Mareograph
2018
Site-specific installation including custom made tide gauge, sediment, stoneware cylinder

Mareograph is a two-part project in Bergen which explore marine environments and how the sea adapts to the various gravitational interactions of the earth, the moon and the sun. The project is based on the Bergen City Council’s risk assessment of the seriously polluted marine environments in Puddefjorden and Store Lungegårdsvann in Bergen. This risk assessment has shown that the sea bed has a very high content of heavy metals and organic pollutants which now form the basis for the Council’s extensive clean-up work on the sea bed in the fjord.

An analog mareograph (tide gauge) placed by the fjord registers the tidewater dynamics in rotating stoneware cylinders treated with a layer of sediment isolated out from various parts of the fjord. The cylinders, which are continuously replaced during the exhibition period, will later be dried and fired ceramically, such that the clay with the specific composition of the sediment sinters* and a glaze with a unique appearance is formed.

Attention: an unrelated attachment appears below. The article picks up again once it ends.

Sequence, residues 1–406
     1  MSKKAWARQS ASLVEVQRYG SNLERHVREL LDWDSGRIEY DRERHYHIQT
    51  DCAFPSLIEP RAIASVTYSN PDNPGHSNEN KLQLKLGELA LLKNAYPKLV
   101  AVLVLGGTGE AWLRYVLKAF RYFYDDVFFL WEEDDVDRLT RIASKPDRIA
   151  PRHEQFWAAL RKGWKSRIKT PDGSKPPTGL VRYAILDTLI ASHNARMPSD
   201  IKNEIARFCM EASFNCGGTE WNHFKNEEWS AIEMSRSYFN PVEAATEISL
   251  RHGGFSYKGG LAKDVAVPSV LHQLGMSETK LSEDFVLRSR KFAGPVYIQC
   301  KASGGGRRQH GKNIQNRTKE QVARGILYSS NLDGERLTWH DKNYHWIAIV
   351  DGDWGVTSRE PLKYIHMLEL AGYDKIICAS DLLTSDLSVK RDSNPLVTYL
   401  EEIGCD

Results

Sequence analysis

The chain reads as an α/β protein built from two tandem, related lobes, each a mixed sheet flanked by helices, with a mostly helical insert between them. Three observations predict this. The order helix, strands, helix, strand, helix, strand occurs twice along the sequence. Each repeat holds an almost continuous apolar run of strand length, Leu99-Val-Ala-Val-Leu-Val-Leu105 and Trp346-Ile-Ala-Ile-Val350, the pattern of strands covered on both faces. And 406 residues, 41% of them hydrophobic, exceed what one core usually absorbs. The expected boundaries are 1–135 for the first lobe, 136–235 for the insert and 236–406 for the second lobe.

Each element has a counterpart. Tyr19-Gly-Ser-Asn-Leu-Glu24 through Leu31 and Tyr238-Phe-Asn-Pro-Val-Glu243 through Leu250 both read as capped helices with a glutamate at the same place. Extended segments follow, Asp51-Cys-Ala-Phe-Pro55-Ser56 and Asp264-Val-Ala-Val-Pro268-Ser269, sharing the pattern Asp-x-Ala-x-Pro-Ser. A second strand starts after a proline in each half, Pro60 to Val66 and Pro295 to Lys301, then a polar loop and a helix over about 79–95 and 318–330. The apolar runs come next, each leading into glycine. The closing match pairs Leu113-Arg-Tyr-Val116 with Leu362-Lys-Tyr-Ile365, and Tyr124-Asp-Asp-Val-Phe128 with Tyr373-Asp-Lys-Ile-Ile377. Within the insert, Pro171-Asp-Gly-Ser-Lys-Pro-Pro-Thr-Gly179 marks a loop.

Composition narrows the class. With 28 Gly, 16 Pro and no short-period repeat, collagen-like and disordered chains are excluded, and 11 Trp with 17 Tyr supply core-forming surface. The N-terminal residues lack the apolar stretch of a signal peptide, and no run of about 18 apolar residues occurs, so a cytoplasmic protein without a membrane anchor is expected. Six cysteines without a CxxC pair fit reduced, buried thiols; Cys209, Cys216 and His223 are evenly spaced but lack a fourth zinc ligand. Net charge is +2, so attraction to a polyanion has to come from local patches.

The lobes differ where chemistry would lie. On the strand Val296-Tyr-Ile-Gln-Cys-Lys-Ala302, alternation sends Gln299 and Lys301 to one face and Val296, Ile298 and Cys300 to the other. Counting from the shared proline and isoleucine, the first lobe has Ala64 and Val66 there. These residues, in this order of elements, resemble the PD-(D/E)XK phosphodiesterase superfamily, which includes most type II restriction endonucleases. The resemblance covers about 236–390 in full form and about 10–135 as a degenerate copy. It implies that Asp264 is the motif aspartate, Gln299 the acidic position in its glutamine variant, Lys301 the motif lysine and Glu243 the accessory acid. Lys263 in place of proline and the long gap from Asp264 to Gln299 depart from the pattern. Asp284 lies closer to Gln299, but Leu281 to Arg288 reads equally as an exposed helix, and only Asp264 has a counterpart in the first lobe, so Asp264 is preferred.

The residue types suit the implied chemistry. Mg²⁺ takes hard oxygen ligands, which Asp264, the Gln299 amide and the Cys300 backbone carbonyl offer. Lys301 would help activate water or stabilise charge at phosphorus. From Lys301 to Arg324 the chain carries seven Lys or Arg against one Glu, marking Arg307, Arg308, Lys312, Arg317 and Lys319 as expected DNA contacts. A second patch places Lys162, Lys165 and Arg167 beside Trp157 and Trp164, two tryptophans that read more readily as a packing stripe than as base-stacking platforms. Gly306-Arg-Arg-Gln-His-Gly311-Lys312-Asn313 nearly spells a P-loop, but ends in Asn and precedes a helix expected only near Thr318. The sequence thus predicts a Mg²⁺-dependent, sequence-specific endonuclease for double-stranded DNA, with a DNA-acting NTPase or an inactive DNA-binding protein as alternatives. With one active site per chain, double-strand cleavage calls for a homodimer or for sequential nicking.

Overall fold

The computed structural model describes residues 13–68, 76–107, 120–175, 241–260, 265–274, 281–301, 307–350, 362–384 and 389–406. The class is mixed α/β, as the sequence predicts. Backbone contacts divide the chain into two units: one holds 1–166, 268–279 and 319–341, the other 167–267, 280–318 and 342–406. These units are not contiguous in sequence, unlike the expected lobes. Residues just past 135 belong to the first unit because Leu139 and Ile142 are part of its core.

The first part of the project shows the mareograph station placed on the Årstad quay at the conduit between the inner Puddefjord and the lake Store Lungegårdsvannet in Bergen. The second part of the project is a thematically related seminar and a presentation of the ceramically fired measurement cylinders.

*Sintering is a process whereby powder or mineral material is hardened into a compacted solid (sinter) by heating to temperatures at which the particles begin to react and melt together. (Source: Store Norske leksikon, https://snl.no/sintring)

Mareograph is a commissioned work for Volt, curated by Marie Nerland. The work was developed in dialogue with the Department of Earth Science and Earth Surface Sediment Laboratory (EARTHLAB) at the Universitety of Bergen and Cowi AS.

160x90x130cm
Photo by Cecilia Jonsson

160x90x130cm
Photo by Bjarte Bjørkum

160x90x130cm
Photo by Thor Brødreskift

160x90x130cm
Photo by Bjarte Bjørkum

Stoneware cylinder 50x10cm ø
Photo by Bjarte Bjørkum